For certain statements that a client might execute multiple times during a session, the server converts the statement to an internal structure and caches that structure to be used during execution. Caching enables the server to perform more efficiently because it avoids the overhead of reconverting the statement should it be needed again during the session. Conversion and caching occurs for these statements:
Prepared statements, both those processed at the SQL level (using the
PREPAREstatement) and those processed using the binary client/server protocol (using the
mysql_stmt_prepare()C API function). The
max_prepared_stmt_countsystem variable controls the total number of statements the server caches. (The sum of the number of prepared statements across all sessions.)
Stored programs (stored procedures and functions, triggers, and events). In this case, the server converts and caches the entire program body. The
stored_program_cachesystem variable indicates the approximate number of stored programs the server caches per session.
The server maintains caches for prepared statements and stored programs on a per-session basis. Statements cached for one session are not accessible to other sessions. When a session ends, the server discards any statements cached for it.
When the server uses a cached internal statement structure, it
must take care that the structure does not go out of date.
Metadata changes can occur for an object used by the statement,
causing a mismatch between the current object definition and the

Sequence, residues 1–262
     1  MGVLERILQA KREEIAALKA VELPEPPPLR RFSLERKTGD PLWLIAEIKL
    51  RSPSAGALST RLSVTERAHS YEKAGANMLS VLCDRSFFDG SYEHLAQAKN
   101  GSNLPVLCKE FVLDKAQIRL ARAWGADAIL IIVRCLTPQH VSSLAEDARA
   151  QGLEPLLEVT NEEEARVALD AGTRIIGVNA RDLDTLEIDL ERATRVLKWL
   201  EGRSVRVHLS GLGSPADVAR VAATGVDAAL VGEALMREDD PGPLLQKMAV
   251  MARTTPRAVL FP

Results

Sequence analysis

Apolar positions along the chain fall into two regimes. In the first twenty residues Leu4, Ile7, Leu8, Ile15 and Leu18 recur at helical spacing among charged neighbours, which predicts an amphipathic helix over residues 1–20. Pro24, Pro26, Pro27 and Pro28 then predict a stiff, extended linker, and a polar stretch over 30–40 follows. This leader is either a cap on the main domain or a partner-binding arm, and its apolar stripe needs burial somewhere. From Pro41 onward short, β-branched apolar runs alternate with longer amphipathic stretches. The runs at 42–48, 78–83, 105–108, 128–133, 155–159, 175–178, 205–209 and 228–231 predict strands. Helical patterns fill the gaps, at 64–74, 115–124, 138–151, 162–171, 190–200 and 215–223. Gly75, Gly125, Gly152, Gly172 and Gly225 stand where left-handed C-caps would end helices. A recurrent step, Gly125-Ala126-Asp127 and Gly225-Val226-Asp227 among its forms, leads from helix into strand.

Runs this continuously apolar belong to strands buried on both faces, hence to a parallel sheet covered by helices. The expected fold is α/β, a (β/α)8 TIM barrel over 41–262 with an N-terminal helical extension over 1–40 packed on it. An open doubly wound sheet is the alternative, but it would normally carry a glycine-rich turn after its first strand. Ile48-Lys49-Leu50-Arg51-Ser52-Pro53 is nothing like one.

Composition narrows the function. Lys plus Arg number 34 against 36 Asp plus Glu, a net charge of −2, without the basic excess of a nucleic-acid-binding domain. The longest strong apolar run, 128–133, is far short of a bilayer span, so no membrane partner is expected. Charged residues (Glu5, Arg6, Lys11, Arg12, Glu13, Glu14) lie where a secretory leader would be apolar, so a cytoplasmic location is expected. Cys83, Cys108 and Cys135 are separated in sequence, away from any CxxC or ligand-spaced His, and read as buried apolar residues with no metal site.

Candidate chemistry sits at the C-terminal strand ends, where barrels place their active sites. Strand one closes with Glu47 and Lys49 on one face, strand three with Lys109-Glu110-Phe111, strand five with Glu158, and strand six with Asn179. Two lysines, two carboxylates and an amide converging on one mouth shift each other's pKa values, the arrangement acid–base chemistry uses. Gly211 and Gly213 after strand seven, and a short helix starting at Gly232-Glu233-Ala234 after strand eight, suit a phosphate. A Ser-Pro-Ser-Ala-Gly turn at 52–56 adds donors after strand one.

definition as represented in the internal statement structure.
Metadata changes occur for DDL statements such as those that
create, drop, alter, rename, or truncate tables, or that
analyze, optimize, or repair tables. Table content changes (for
UPDATE) do not change metadata,
Here is an illustration of the problem. Suppose that a client prepares this statement:
PREPARE s1 FROM 'SELECT * FROM t1';
SELECT * expands in the internal
structure to the list of columns in the table. If the set of
columns in the table is modified with
TABLE, the prepared statement goes out of date. If the
server does not detect this change the next time the client
s1, the prepared statement will
return incorrect results.
To avoid problems caused by metadata changes to tables or views
referred to by the prepared statement, the server detects these
changes and automatically reprepares the statement when it is
next executed. That is, the server reparses the statement and
rebuilds the internal structure. Reparsing also occurs after
referenced tables or views are flushed from the table definition
cache, either implicitly to make room for new entries in the
cache, or explicitly due to
Similarly, if changes occur to objects used by a stored program, the server reparses affected statements within the program.
The server also detects metadata changes for objects in
expressions. These might be used in statements specific to
stored programs, such as
DECLARE CURSOR or
flow-control statements such as
To avoid reparsing entire stored programs, the server reparses affected statements or expressions within a program only as needed. Examples:
Suppose that metadata for a table or view is changed. Reparsing occurs for a
SELECT *within the program that accesses the table or view, but not for a
SELECT *that does not access the table or view.
When a statement is affected, the server reparses it only partially if possible. Consider this
CASE case_expr WHEN when_expr1 ... WHEN when_expr2 ... WHEN when_expr3 ... ... END CASE
If a metadata change affects only
WHEN, that expression is reparsed.
case_exprand the other
WHENexpressions are not reparsed.
Reparsing uses the default database and SQL mode that were in effect for the original conversion to internal form.
The server attempts reparsing up to three times. An error occurs if all attempts fail.
Reparsing is automatic, but to the extent that it occurs, diminishes prepared statement and stored program performance.
For prepared statements, the
status variable tracks the number of repreparations.